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This week, From Dusk Till Dawn: The Series Season One came out on DVD and Blu-ray. If you had not caught up on the El Rey original series, now is your chance. The series expands upon the movie, adding in subplots like Seth Gecko (DJ Cotrona)’s visit to Big Kahuna Burger, and different outcomes for characters like Santanico Pandemonium (Eiza Gonzalez). From Dusk Till Dawn: The Series will be back for a second season on El Rey.

We met up with Wilmer Valderrama at the El Rey Network’s cocktail party for the Television Critics Association. He plays Carlos, the Gecko brothers’ boss. It was the role played by Cheech Marin in the movie, but is quite different on the show. Early on we learn that Carlos is a vampire, and he has a relationship with Santanico. Check out Valderrama’s thoughts on the first season and beyond, now that it’s available on DVD and Blu-ray.

Nuke the Fridge: Carlos is quite different on the show than in the movie where he just comes in at the end. How much of a role did you have in creating the Carlos we see on From Dusk Till Dawn: The Series?

Wilmer Valderrama: Humbly so, when I took the character, it really wasn’t on the page in the first episode. So it was more of a leap of faith that we were going to create it as we go. I was very blessed that the character evolved as we performed. I kind of took shape in the first two or three episodes and eventually we understood what his purpose was really going to be and the type of presence he was going to have when he had a part in the story. That all happened almost serendipitously, accidentally. We figured it out as we went and then eventually the character had a certain type of influence that I was so honored and blessed to take on this responsibility.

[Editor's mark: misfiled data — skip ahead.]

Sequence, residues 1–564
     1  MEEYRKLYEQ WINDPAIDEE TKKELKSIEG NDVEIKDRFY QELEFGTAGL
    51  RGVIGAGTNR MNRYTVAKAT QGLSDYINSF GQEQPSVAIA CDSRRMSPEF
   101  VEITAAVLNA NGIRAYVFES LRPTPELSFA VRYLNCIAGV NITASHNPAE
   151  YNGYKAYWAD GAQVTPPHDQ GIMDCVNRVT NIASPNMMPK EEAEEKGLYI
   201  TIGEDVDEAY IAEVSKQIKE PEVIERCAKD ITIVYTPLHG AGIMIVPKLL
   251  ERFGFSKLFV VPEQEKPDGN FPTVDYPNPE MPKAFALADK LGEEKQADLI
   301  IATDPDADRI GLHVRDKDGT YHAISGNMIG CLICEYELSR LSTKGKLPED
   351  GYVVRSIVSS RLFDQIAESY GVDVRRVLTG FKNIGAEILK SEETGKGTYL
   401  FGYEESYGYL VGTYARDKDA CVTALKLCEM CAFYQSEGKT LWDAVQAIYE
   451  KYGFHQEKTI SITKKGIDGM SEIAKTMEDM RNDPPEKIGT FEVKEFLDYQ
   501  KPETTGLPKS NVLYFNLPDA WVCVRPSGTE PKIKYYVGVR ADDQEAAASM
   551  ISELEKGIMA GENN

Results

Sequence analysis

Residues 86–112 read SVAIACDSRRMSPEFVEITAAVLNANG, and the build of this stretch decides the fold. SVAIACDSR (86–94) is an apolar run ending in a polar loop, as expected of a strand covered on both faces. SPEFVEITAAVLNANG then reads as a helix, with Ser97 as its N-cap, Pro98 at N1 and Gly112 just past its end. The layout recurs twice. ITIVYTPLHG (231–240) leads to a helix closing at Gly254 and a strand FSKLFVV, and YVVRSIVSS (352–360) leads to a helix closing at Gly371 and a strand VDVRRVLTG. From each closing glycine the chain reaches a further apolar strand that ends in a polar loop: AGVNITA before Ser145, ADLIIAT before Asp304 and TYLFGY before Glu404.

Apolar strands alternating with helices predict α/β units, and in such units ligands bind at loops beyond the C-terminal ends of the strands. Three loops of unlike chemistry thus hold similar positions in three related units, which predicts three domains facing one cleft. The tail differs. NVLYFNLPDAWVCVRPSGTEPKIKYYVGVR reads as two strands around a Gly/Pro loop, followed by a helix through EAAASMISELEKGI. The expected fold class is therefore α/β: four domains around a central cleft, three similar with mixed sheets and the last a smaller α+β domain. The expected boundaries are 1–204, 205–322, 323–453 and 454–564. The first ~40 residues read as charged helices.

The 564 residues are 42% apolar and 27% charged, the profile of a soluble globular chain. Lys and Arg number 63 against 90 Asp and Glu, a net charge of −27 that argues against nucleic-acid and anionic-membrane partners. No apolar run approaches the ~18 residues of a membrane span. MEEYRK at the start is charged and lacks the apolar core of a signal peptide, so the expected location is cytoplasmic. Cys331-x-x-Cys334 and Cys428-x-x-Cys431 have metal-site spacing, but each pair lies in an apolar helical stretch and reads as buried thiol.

Nuke: You at least knew he was a vampire in the pilot, right?

Wilmer Valderrama: It’s funny because we don’t use the term vampire, because we’re snakes. We’re only bloodthirsty because of our mythology of the Mayan and Aztec, the Mesoamerican stuff which is bloodthirsty gods and all that. But it’s a very different type of vampire that we created, and we’re mostly snakes. We embody snakes, you know. So with the first assassination on the show, I think it’s episode two, I was petrified to figure out, first of all, I’ve seen all the different vampires on all the different shows and movies. I want to create my own way of assassinating somebody. Somehow, take two, I looked over and saw Robert [Rodriguez] at the monitor saying, “Hey, this might look stupid or it might not. It might be cool, who knows?” Then I did the snake thing, the illusion that the snake was gearing up for an attack. When I did it, the moment they said cut, I looked over to see if Robert liked it and he had no facial expression. I was, like, flipping out. I was like oh, that was stupid, really dumb. He comes over and goes, “Hey, that was pretty cool, that thing you do with your head. Let’s do it one more time.” I was like oh my God, I started sweating, he’s awesome. It was very serendipitous how it all happened and I was very blessed that the writers trusted me with a lot of what this character can be. We figured it out in performances really.

Nuke: Since Cheech Marin played three of the characters in the movie, was there ever talk of having you play multiple roles?

Wilmer Valderrama: Yeah, we talked about him being a shapeshifter. I think one of the reasons Cheech Marin in the first movie somehow played those different characters is because he was a shapeshifter. We utilize the shapeshifter element to tell a more strategic story than in the movie, which was the experience of the Gecko brothers. For me, it was more of a tactical move in the series to be a shapeshifter. To be honest, as this evolved and the season took course, the exciting part about the character was that he was hiding something. He discovered Santanico. He was the one who was working to free her. That was a responsibility that was just awesome to take on.

Nuke: So is Carlos Santanico’s boss, or is she really in charge?

Wilmer Valderrama: Well, if you saw the last episode of the show, you know that it was definitely very unexplained. Next season, we’re going to see a veryFrom-Dusk-Till-Dawn-Season-One different dynamic.